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Is advanced esophageal adenocarcinoma a distinct entity from intestinal subtype gastric cancer? Data from the AGAMENON-SEOM Registry

Overview of attention for article published in Gastric Cancer, March 2021
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About this Attention Score

  • In the top 25% of all research outputs scored by Altmetric
  • Among the highest-scoring outputs from this source (#13 of 493)
  • High Attention Score compared to outputs of the same age (86th percentile)
  • High Attention Score compared to outputs of the same age and source (92nd percentile)

Mentioned by

blogs
1 blog
twitter
14 tweeters
facebook
1 Facebook page

Readers on

mendeley
2 Mendeley
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Title
Is advanced esophageal adenocarcinoma a distinct entity from intestinal subtype gastric cancer? Data from the AGAMENON-SEOM Registry
Published in
Gastric Cancer, March 2021
DOI 10.1007/s10120-021-01169-6
Pubmed ID
Authors

Felipe Alvarez-Manceñido, Paula Jimenez-Fonseca, Alberto Carmona-Bayonas, Virginia Arrazubi, Raquel Hernandez, Juana M. Cano, Ana Custodio, Carles Pericay Pijaume, Gema Aguado, Nieves Martínez Lago, Manuel Sánchez Cánovas, Diego Cacho Lavin, Laura Visa, Alba Martinez-Torron, Aranzazu Arias-Martinez, Flora López, M. Luisa Limón, Rosario Vidal Tocino, Ana Fernández Montes, Maria Alsina, Paola Pimentel, Pablo Reguera, Alfonso Martín Carnicero, Avinash Ramchandani, Mónica Granja, Aitor Azkarate, Marta Martín Richard, Olbia Serra, Carolina Hernández Pérez, Alicia Hurtado, Aitziber Gil-Negrete, Tamara Sauri, Patricia Morales del Burgo, Javier Gallego

Abstract

Advanced esophageal adenocarcinoma (EAC) is generally treated similarly to advanced gastroesophageal junction (GEJ-AC) and gastric (GAC) adenocarcinomas, although GAC clinical trials rarely include EAC. This work sought to compare clinical characteristics and treatment outcomes of advanced EAC with those of GEJ-AC and GAC and examine prognostic factors. Participants comprised patients with advanced EAC, intestinal GEJ-AC, and GAC treated with platin and fluoropyrimidine (plus trastuzumab when HER2 status was positive). Overall and progression-free survival were estimated using the Kaplan-Meier method. Cox proportional hazards regression gauged the prognostic value of the AGAMENON model. Between 2008 and 2019, 971 participants from the AGAMENON-SEOM registry were recruited at 35 centers. The sample included 67.3% GAC, 13.3% GEJ-AC, and 19.4% EAC. Pulmonary metastases were most common in EAC and peritoneal metastases in GAC. Median PFS and OS were 7.7 (95% CI 7.3-8.0) and 13.9 months (12.9-14.7). There was no difference in PFS or OS between HER2- and HER2+ tumors from the three locations (p > 0.05). Five covariates were found to be prognostic for the entire sample: ECOG-PS, histological grade, number of metastatic sites, NLR, and HER2+ tumors treated with trastuzumab. In EAC, the same variables were prognostic except for grade. The favorable prognosis for HER2+ cancers treated with trastuzumab was homogenous for all three subgroups (p = 0.351) and, after adjusting for the remaining covariates, no evidence supported primary tumor localization as a prognostic factor (p = 0.331). Our study supports the hypothesis that EAC exhibits clinicopathological characteristics, prognostic factors, and treatment outcomes comparable to intestinal GEJ-AC and GAC.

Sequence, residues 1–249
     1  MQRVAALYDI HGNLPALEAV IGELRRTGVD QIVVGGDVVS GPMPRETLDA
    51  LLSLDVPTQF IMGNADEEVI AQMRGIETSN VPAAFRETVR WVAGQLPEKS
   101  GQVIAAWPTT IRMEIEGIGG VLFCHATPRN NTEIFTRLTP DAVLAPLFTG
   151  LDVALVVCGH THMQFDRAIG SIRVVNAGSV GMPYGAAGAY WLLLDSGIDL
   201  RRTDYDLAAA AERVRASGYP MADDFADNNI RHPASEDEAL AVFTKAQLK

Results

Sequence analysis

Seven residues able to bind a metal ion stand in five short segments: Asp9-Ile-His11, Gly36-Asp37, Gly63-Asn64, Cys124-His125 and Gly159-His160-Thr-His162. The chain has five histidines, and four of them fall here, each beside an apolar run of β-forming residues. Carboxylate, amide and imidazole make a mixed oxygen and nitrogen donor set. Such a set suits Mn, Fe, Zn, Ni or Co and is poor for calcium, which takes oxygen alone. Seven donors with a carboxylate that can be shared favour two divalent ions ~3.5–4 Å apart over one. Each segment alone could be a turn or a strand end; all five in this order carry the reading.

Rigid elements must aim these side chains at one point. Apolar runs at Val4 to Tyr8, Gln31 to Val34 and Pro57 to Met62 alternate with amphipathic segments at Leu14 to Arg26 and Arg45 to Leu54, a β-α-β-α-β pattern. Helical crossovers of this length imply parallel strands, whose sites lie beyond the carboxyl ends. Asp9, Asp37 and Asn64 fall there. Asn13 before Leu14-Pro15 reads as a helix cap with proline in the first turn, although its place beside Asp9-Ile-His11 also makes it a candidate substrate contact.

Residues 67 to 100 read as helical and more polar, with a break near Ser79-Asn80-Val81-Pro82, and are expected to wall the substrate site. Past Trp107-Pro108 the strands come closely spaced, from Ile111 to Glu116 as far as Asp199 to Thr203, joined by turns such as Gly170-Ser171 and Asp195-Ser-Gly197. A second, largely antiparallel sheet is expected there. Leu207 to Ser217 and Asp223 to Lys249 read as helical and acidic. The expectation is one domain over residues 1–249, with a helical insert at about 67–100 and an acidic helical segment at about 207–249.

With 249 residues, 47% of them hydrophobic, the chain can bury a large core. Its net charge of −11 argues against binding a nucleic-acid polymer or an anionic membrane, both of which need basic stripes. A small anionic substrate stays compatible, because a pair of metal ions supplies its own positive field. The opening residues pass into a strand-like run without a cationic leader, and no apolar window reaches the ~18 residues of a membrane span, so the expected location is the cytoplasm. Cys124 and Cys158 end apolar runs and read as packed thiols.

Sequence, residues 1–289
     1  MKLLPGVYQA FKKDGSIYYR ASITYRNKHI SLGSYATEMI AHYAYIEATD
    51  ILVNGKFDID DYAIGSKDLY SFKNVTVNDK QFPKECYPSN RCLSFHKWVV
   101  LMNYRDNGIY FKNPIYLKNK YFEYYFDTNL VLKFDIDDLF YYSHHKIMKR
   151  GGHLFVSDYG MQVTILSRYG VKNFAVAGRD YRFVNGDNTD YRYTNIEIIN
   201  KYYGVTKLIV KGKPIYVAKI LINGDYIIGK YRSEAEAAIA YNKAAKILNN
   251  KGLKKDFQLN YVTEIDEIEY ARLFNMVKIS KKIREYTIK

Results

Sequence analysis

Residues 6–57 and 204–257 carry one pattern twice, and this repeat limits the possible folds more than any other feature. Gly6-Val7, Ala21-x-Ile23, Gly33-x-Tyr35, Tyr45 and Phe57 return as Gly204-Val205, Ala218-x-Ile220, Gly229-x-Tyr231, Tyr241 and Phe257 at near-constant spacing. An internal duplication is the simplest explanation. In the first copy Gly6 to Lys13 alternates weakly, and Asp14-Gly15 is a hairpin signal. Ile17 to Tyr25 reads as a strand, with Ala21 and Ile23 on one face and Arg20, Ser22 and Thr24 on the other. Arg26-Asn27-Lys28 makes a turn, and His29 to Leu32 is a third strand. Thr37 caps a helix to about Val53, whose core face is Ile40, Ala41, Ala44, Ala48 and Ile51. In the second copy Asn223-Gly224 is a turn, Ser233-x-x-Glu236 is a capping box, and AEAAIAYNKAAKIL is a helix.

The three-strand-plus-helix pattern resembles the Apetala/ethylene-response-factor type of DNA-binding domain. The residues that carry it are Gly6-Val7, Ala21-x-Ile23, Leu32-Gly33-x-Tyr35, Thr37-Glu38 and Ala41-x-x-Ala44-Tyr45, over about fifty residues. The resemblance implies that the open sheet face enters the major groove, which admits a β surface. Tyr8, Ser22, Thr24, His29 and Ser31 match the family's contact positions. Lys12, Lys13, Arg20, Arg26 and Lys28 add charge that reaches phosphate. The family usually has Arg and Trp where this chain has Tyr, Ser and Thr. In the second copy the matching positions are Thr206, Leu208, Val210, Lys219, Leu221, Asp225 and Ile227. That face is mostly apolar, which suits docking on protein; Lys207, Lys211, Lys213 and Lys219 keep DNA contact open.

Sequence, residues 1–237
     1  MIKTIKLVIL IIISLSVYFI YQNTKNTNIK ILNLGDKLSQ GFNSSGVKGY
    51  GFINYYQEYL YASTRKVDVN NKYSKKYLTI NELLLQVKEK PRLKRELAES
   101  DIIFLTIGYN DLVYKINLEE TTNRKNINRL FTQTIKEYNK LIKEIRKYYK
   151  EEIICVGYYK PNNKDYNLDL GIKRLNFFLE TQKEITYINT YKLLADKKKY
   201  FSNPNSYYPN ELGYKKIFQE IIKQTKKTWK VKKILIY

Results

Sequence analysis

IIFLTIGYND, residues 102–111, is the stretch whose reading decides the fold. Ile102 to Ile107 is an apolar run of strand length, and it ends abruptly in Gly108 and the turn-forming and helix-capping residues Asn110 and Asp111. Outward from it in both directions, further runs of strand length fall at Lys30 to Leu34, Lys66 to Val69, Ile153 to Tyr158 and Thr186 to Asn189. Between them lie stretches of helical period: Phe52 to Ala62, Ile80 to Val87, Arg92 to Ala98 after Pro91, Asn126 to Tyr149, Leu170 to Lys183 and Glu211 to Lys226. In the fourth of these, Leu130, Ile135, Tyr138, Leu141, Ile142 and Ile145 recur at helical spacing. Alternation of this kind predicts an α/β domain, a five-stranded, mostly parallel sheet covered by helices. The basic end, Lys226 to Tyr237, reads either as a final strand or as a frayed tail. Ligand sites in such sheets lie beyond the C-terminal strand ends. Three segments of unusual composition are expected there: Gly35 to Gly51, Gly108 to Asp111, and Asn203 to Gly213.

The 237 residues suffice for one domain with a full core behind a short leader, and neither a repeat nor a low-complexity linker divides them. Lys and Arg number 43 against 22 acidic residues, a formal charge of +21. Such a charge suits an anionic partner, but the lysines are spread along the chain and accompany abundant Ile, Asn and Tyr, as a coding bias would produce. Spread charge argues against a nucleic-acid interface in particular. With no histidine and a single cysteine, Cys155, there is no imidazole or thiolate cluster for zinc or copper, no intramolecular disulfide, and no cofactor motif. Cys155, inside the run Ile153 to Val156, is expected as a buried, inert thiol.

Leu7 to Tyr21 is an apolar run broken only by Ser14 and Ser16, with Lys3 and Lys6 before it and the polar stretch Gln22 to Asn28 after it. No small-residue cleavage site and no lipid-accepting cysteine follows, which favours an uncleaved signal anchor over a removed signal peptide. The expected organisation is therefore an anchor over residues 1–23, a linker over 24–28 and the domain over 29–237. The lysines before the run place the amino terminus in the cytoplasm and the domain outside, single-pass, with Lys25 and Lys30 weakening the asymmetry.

Twitter Demographics

The data shown below were collected from the profiles of 14 tweeters who shared this research output. Click here to find out more about how the information was compiled.

Mendeley readers

The data shown below were compiled from readership statistics for 2 Mendeley readers of this research output. Click here to see the associated Mendeley record.

Geographical breakdown

Country Count As %
Unknown 2 100%

Demographic breakdown

Readers by professional status Count As %
Student > Master 1 50%
Unknown 1 50%
Readers by discipline Count As %
Nursing and Health Professions 1 50%
Unknown 1 50%

Attention Score in Context

This research output has an Altmetric Attention Score of 16. This is our high-level measure of the quality and quantity of online attention that it has received. This Attention Score, as well as the ranking and number of research outputs shown below, was calculated when the research output was last mentioned on 05 July 2021.
All research outputs
#1,585,633
of 19,003,560 outputs
Outputs from Gastric Cancer
#13
of 493 outputs
Outputs of similar age
#41,841
of 309,468 outputs
Outputs of similar age from Gastric Cancer
#2
of 13 outputs
Altmetric has tracked 19,003,560 research outputs across all sources so far. Compared to these this one has done particularly well and is in the 91st percentile: it's in the top 10% of all research outputs ever tracked by Altmetric.
So far Altmetric has tracked 493 research outputs from this source. They receive a mean Attention Score of 2.4. This one has done particularly well, scoring higher than 97% of its peers.
Older research outputs will score higher simply because they've had more time to accumulate mentions. To account for age we can compare this Altmetric Attention Score to the 309,468 tracked outputs that were published within six weeks on either side of this one in any source. This one has done well, scoring higher than 86% of its contemporaries.
We're also able to compare this research output to 13 others from the same source and published within six weeks on either side of this one. This one has done particularly well, scoring higher than 92% of its contemporaries.